The reference to “unnecessary suffering” may provide the ability for those carrying out some research procedures to argue that they are necessary. It would be useful to have detailed rules and guidelines on the use of animals in scientific research.

Are legal provisions effective in acknowledging animal welfare as a mainstream concern?

Although the provisions in section 495 of the Criminal Code give some limited protection to animals used in experimentation from certain welfare concerns associated with scientific research, there are no explicit guidelines on animals used in scientific research in this country. No evidence has been found indicating that the government has made any attempt to regulate the use of animals in research, falling behind international trends and good animal welfare standards. The government is encouraged to include specific provisions on animals used in research, as well as to establish an authority responsible for implementation and improvement. Emphasis on the Three Rs (Replacement, Reduction, Refinement) would be a step in the right direction by encouraging a decrease in the number of animals used in science, and improving the welfare of those that are used as well as replacement of animals with alternative non-animal methods, now widely developed and in use in other countries.   

Are there economic and societal barriers to improving animal welfare in the country?

There is no indication or evidence of existing financial or human resource allocated to develop policy and legislation relevant to this indicator. This does not appear to be a priority for government work and finance.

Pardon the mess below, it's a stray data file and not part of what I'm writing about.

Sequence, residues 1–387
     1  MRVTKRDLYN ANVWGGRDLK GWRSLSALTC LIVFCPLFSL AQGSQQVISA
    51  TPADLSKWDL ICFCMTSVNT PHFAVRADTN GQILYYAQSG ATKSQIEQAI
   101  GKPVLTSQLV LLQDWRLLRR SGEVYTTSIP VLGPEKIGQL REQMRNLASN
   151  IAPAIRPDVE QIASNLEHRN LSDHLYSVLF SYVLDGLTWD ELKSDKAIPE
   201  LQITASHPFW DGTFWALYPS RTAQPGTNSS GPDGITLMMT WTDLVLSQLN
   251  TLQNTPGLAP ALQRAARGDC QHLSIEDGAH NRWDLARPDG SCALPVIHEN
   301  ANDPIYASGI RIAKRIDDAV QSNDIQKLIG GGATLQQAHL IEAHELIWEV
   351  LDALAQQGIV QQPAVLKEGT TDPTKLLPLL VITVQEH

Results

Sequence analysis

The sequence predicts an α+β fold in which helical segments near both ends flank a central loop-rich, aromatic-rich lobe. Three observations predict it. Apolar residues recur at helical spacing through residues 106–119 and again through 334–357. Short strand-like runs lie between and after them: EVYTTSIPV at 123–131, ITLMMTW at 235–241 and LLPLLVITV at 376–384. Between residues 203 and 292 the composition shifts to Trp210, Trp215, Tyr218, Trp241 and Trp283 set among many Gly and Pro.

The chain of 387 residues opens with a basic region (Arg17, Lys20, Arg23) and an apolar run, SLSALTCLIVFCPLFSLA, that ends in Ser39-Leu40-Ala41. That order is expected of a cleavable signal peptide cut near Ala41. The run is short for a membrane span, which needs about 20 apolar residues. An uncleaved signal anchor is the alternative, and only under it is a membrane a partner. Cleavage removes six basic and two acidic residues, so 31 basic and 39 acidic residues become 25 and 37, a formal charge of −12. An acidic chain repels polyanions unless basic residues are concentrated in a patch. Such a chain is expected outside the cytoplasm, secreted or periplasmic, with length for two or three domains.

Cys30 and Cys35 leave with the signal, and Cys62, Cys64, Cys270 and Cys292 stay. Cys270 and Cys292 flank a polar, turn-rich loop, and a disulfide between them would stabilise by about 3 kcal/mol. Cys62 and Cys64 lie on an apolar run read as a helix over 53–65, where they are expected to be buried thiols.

Are enforcement mechanisms in place in policy and legislation?

Any person guilty of performing operations without due care and humanity is liable to imprisonment for six months or to a fine of fifty naira or both (section 495 Criminal Code).

C

Protecting the welfare of wild animals

There is legislation with partial application

Section 495 of the Criminal Code 1990, which creates offences of cruelty to animals, does not apply to wild animals unless they have been captured or confined. Sections 450 and 456 of the Criminal Code 1990, which prohibit unlawful killing or wounding and prohibit poisoning, apply to animals that are “capable of being stolen”, and wild animals “in the enjoyment of their own natural liberty” are not protected by this legislation (section 382).

The Endangered Species Act, CAP E9, LFN 2004 focuses on the protection and management of Nigeria’s wildlife, specifically vulnerable and endangered species. Hunting, capture or trade in an animal species threatened with extinction (endangered) is prohibited. Hunting, capture or trade in an animal species that may become so threatened unless trade is controlled (vulnerable) is prohibited, except under a valid licence. No person shall trade in vulnerable species if export/import of the animal is detrimental to its survival. The animal must be transported in a way to minimise the risk of injury, damage to health, cruel treatment or death.

The Wild Animals Law 1963 makes further provision for the protection of certain listed protected species and for the establishment of game reserves. This law also contains some restrictions on hunting methods at sections 33 and 34, which apply to all wild animals. It is prohibited to use bait, poison or explosives for hunting or capturing any wild animals other than pests, to use any net, fence or pit to capture any wild animals other than fish or pests, to use or sell any traps other than those prescribed for the control of pests, to hunt or capture animals except fish at night, to hunt as part of a group of more than five people, or to hunt animals from vehicles or aircraft (other than wild fowl and crocodiles which can be hunted from small craft). Pests are defined as invertebrates, poisonous snakes, birds of the order Ploceideae or rodents which are causing widespread and persistent damage.

Are legal provisions effective in acknowledging animal welfare as a mainstream concern?